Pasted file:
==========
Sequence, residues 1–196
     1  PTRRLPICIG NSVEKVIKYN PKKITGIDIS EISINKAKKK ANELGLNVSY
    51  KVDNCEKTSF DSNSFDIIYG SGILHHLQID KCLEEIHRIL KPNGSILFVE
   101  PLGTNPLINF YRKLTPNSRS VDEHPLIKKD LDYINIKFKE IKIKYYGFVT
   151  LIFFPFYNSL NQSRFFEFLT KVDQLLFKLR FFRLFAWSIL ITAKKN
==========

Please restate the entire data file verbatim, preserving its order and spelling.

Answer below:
Sequence, residues 1–196
     1  PTRRLPICIG NSVEKVIKYN PKKITGIDIS EISINKAKKK ANELGLNVSY
    51  KVDNCEKTSF DSNSFDIIYG SGILHHLQID KCLEEIHRIL KPNGSILFVE
   101  PLGTNPLINF YRKLTPNSRS VDEHPLIKKD LDYINIKFKE IKIKYYGFVT
   151  LIFFPFYNSL NQSRFFEFLT KVDQLLFKLR FFRLFAWSIL ITAKKN